Internationalization is the process of enabling your theme to be translated into different languages. We require that all themes be fully internationalized so that they can be enjoyed by the largest audience possible. In this document we will look at the basics of how to prepare your theme for translation as well as explain common errors.
Take for example the following sentence: “The quick brown fox jumps over the lazy dog”. To prepare this for translation and echo it to the screen, we can use the WordPress core function
_e(). This function accepts two parameters, the first is the text to be translated and the second is a textdomain unique to your theme. Here’s an example:
<?php _e( 'The quick brown fox jumps over the lazy dog', 'mytheme' ); ?>
As a best practice, it is important to minimize or completely remove the amount of HTML code that appears in internationalized strings. For example the following code:
<p>The quick brown fox jumps over the lazy dog.</p>
One way of enabling this text to be translated is to use the
<?php _e( '<p>The quick brown fox jumps over the lazy dog.</p>' ); ?>
While this code functions perfectly fine, it is not the best approach. There is no need to add the paragraph tags to the string. A better approach to this situation is to move the paragraph tags outside of the
_e() function. We do this because there is no need to translate this markup and it is easy to move it.
<p><?php _e( 'The quick brown fox jumps over the lazy dog.' ); ?></p>
There are times when markup is better left inside the string. If we need to emphasize the phrase “jumps over” in the sentence above we would end up with the following code:
<p><?php _e( 'The quick brown fox <em>jumps over</em> the lazy dog.' ); ?></p>
In this case it is not so easy to remove the tags. If we were to do this 3 sentence fragments would be created:
- The quick brown fox
- <em>jumps over</em>
- the lazy dog.
Perserving the sentence as a whole is more important than removing the markup from the translated string.
If we need to internationalize a sentence that incorporates the value of a variable or the return value of a function, we can utilize
sprintf(). These functions are very similar, the difference being that
printf() will echo the text to the screen while
sprintf() returns the value.
What would happen if our theme had a feature that allowed users to choose which animal gets to jump over the dog? Perhaps it provides a function to get the user-defined value called
mytheme_get_jumping_animal(). Our theme needs to display this value inside the sentence while still allowing sentence to be translated. The following example will not work because functions cannot be included in internationalized strings.
<p><?php _e( 'The quick brown ' . mytheme_get_jumping_animal() . ' jumps over the lazy dog.' ); ?></p>
We need to move the function outside of the string. This is pretty easy to do utilizing
printf(). Here’s what the finished code looks like:
<p><?php printf( __( 'The quick brown %1$s jumps over the lazy dog.' ), mytheme_get_jumping_animal() ); ?></p>
Here we have replaced
__() which allows the string to be returned instead to echoed to the screen. Next we pass the return value of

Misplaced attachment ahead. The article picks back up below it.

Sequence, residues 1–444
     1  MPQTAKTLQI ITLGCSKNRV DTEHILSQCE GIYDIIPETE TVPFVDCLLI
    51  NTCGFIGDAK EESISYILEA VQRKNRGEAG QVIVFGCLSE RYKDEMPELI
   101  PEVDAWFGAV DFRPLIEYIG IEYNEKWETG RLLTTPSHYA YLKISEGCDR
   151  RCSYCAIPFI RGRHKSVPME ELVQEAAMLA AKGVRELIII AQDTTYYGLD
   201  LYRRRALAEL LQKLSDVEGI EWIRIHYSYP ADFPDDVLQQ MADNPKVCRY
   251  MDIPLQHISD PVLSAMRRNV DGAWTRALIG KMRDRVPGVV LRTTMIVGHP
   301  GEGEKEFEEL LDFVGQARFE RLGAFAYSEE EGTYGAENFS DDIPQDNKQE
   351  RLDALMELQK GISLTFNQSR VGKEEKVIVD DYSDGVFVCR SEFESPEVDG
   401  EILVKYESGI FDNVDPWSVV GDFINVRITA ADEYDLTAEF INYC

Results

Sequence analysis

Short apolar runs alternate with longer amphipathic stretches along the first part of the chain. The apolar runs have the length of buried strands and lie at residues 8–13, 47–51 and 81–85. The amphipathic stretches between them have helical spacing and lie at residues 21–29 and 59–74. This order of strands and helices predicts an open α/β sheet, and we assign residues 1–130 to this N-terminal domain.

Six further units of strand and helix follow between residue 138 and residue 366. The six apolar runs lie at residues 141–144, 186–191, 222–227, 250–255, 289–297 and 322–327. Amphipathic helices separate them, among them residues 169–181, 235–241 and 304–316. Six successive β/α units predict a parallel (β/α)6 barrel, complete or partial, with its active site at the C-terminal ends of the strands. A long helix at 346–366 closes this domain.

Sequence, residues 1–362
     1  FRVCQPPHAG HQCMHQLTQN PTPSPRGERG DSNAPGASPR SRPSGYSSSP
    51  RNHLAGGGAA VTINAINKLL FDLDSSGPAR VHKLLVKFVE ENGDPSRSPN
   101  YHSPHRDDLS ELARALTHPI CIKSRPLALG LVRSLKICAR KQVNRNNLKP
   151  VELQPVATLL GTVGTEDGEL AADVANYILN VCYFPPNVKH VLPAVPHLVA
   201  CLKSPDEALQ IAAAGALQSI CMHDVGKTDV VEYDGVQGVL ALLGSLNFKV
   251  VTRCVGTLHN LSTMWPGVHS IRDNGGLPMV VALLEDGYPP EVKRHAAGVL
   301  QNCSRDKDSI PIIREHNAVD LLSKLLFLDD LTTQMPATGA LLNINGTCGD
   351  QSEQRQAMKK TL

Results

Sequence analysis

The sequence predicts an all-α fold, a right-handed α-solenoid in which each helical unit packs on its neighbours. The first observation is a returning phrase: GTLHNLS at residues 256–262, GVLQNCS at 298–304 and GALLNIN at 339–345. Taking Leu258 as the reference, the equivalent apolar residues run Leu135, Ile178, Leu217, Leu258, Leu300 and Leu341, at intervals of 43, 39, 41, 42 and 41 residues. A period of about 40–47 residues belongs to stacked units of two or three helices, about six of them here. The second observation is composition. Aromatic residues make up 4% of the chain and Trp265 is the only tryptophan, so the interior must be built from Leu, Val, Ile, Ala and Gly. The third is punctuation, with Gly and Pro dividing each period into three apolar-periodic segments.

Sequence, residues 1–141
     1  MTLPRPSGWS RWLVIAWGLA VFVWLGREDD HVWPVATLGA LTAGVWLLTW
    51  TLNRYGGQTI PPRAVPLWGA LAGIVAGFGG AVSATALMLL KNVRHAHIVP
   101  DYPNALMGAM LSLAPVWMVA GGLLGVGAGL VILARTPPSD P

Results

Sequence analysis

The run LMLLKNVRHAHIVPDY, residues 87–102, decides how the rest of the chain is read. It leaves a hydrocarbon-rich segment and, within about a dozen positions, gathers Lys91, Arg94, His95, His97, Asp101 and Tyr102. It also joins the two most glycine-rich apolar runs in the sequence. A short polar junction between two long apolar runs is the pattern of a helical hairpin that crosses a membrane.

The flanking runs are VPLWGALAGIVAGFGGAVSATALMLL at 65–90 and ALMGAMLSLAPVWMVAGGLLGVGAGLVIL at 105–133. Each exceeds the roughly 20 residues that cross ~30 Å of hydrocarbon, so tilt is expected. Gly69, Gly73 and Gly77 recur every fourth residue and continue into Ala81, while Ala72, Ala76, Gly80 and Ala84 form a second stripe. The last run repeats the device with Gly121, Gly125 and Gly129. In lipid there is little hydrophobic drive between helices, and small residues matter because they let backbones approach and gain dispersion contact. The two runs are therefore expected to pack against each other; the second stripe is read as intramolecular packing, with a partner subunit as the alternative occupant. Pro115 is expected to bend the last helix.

__() as the first parameter to
printf(). Then we pass the return value of
mytheme_get_jumping_animal() as the second parameter. Finaly, we add a placeholder to the translated string where
mytheme_get_jumping_animal() used to be. Let’s take a look at how this works:
- A person will translate the string “The quick brown %1$s jumps over the lazy dog.” All words will be translated into the second language and the placeholder will be moved to the appropriate place in the sentence.
__()will return the translated string.
%1$swith the return value of
printf()will echo the finished sentence to the screen.
Escaping Text Strings in Attributes
All strings must be escaped with
esc_attr_e() before they are used as HTML attributes. The escaping must be done as late as possible. Here is the best way to escape a simple string used as the title attribute of an anchor:
<a title="<?php esc_attr_e( 'The quick brown fox jumps over the lazy dog', 'mytheme' ); ?>">
Here’s a more complex example with a dynamic value and a placeholder:
<a title="<?php echo esc_attr( sprintf( __( 'The quick brown %1$s jumps over the lazy dog.' ), mytheme_get_jumping_animal() ) ); ?>">
Escaping HTML Strings with Dynamic Attributes
In cases where html is included inside the string and dynamic values are used for the value of an attribute, these values must be escaped immediately before they are sent as parameters to
printf(). Here’s an example where a link is included in the translated string and the URL is provided by a function:
<?php printf( __( 'The quick <a href="%1$s">brown fox</a> jumps over the lazy dog.' ), esc_url( mytheme_get_fox_url() ) ); ?>
The following examples illustrate situations where internationalization is commonly use incorrectly. While most of these examples will be caught by the WP.com Theme Review checks in the VIP Scanner plugin, it is a good idea to keep an eye out for these while developing.
The following values should not be translated:
__( '', 'mytheme' ); // Empty strings. __( $variable, 'mytheme' ); // Single variables. printf( __( '%s' ), $var ); // Single placeholders __( mytheme_function(), 'mytheme' ); // Single functions
The following dynamic values can not be sent directly to a gettext function like
Please see the Dynamic Text section for instructions.
__( "Hello there, $name", 'mytheme' ); // variables __( "Hello there, " . mytheme_get_name(), 'mytheme' ); // functions